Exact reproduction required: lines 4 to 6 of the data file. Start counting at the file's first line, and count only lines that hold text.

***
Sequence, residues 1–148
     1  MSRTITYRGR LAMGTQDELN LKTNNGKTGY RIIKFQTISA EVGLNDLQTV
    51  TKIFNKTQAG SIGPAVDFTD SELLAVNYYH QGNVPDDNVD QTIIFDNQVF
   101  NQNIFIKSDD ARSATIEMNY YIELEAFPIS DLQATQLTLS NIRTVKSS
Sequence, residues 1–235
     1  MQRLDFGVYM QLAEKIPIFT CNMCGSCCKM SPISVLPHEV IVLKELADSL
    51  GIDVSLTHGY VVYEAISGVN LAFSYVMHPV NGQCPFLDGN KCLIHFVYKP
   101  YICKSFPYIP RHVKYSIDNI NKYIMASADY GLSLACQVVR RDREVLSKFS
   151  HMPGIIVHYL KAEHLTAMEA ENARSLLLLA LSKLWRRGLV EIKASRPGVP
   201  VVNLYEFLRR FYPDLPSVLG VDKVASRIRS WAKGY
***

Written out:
   101  NQNIFIKSDD ARSATIEMNY YIELEAFPIS DLQATQLTLS NIRTVKSS
Sequence, residues 1–235
     1  MQRLDFGVYM QLAEKIPIFT CNMCGSCCKM SPISVLPHEV IVLKELADSL